Courses numbered 1000-1999 are open to freshmen; 2000-2999 to sophomores; 3000-3999 to juniors; 4000-4999 to seniors. It is recommended that students elect courses in the years for which they are listed. Freshmen will be admitted to courses above the 2000 level only with the consent of the instructor and the student’s advisor. Juniors and seniors taking freshman courses may be expected to do additional work. Any course above 4999 is a graduate course.
The number in parentheses following the course title indicates the semester hours of credit assigned to the course.
An H following the course number indicates an honors level course.
Introduction to Intelligence [Course] (3)
This course will introduce the students to the Intelligence Process as it relates to Law Enforcement and Crime Analysis. By examining material based on theory, history, and practical experience, the student will gain an understanding on how critical thinking, along with skills related to data mining, examination and dissemination, act as a critical component in the process of criminal investigations, and intelligence and crime analysis.
Introduction to Information/Intelligence Mining [Course] (3)
This course explores information mining concepts and with an emphasis on Intelligence Gathering techniques as a tool in intelligence production and predictive analysis, both in the private sector and in law enforcement. It includes coverage of some of the principal methods used for information mining. This course will involve the students developing both a theoretical understanding of the discipline and hands-on experience with information mining software to implement steps involved in the information and intelligence gathering process. Prerequisites: HSI 101, CSC 101, CSC103, CSC104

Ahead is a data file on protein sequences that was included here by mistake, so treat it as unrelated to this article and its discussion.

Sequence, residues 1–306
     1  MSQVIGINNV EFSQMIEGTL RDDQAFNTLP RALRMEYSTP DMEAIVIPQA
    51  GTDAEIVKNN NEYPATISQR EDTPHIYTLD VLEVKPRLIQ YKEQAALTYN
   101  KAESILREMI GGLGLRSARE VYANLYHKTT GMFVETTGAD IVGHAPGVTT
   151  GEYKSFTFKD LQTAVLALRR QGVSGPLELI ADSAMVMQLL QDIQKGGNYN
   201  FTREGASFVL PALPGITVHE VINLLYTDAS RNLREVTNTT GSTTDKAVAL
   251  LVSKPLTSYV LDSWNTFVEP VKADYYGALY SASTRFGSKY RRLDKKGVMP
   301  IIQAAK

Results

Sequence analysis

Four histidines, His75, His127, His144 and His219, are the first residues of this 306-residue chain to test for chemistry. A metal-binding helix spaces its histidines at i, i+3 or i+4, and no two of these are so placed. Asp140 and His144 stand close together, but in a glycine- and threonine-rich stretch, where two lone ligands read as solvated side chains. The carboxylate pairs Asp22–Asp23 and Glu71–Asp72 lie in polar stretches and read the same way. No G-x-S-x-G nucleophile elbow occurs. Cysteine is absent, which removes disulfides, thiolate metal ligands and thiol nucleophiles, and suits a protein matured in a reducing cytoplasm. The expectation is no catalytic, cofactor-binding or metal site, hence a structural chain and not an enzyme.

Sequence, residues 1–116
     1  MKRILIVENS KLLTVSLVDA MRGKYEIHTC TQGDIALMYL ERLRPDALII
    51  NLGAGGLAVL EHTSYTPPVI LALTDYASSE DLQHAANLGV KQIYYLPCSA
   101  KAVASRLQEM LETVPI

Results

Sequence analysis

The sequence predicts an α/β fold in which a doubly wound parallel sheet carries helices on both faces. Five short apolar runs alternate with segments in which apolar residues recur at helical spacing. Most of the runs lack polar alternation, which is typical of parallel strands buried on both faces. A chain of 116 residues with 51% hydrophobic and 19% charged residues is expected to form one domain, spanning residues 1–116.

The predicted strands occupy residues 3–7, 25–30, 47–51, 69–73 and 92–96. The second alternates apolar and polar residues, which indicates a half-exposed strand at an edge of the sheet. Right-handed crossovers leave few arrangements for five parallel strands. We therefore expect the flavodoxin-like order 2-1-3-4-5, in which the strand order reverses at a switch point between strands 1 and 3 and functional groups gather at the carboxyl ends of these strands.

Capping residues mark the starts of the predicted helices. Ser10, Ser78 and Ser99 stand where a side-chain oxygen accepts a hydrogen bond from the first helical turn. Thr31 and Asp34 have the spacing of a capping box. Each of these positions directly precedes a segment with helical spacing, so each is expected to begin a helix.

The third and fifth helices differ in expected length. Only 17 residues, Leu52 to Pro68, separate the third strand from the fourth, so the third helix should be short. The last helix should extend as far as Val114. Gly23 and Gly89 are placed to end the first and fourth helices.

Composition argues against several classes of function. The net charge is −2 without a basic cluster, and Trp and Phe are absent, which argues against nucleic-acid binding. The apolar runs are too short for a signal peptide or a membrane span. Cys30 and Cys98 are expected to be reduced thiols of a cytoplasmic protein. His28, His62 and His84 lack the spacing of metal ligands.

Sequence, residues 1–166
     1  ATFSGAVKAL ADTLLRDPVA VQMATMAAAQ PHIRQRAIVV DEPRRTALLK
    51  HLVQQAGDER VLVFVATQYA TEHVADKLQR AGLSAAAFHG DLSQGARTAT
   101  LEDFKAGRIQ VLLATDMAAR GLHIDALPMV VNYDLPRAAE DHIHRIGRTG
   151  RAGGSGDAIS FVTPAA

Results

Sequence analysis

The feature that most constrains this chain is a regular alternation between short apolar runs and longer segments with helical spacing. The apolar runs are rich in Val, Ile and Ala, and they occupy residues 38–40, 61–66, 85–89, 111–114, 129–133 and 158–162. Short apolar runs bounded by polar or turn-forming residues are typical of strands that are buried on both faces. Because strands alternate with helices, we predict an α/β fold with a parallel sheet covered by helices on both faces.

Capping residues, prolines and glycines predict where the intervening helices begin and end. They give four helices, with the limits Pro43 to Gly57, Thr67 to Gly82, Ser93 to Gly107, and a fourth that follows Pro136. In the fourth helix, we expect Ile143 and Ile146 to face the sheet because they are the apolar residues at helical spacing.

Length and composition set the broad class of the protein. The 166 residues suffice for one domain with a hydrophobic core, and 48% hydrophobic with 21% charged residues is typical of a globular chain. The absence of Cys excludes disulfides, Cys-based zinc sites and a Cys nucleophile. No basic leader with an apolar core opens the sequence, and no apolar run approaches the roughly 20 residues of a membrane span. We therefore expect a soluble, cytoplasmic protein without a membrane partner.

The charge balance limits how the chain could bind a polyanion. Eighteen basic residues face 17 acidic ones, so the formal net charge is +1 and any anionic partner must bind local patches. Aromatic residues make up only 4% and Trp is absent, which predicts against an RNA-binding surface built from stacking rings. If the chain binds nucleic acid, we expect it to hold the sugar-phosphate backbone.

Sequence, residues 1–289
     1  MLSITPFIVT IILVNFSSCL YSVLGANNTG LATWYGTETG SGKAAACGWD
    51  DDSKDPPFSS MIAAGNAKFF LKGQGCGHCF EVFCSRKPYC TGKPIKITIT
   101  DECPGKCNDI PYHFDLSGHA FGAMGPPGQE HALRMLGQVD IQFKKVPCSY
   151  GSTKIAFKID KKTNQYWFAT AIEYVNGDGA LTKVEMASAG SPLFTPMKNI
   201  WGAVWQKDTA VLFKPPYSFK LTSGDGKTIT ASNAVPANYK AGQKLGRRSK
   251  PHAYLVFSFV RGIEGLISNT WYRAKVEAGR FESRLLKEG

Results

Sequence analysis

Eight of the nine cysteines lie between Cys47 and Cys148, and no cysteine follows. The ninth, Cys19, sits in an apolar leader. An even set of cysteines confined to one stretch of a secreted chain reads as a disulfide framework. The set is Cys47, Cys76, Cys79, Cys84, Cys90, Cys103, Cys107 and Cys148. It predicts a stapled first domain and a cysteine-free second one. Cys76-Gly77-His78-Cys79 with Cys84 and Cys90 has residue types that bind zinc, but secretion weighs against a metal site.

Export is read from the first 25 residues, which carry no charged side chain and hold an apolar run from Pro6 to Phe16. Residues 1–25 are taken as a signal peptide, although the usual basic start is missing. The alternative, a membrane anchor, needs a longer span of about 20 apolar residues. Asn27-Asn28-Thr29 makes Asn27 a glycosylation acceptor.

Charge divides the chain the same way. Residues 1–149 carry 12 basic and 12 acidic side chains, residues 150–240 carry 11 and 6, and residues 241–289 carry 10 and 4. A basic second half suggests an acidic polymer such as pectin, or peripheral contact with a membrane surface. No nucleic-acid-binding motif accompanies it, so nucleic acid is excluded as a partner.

ST:Terrorism [Course] (3)
In this seminar course students consider and explore in depth current issues, problems, research, and trends. Topics vary from year to year allowing students to take the course twice. Among the content options are terrorism, community policing, domestic violence, penal and judicial reform, drug enforcement and policy, and restorative justice. (Offered on demand)
Intelligence Policy & Law [Course] (3)
This course analyses the major areas of law relating to terrorism and the United States’ efforts to combat terrorism through law enforcement, intelligence gathering and military action. The course will approach the subject of terrorism from various legal perspectives: including constitutional law, criminal law and procedure, national security law, international law and the law of war. A constant theme explored throughout the course will be how the United States can effectively combat and neutralize domestic and international terrorism while, at the same time, remaining true to its democratic and constitutional principles. The course will rely on a basic text relating to the law of terrorism, as supplemented by media articles relating to current terrorism related issues.
Internship Preparation [Course] (1)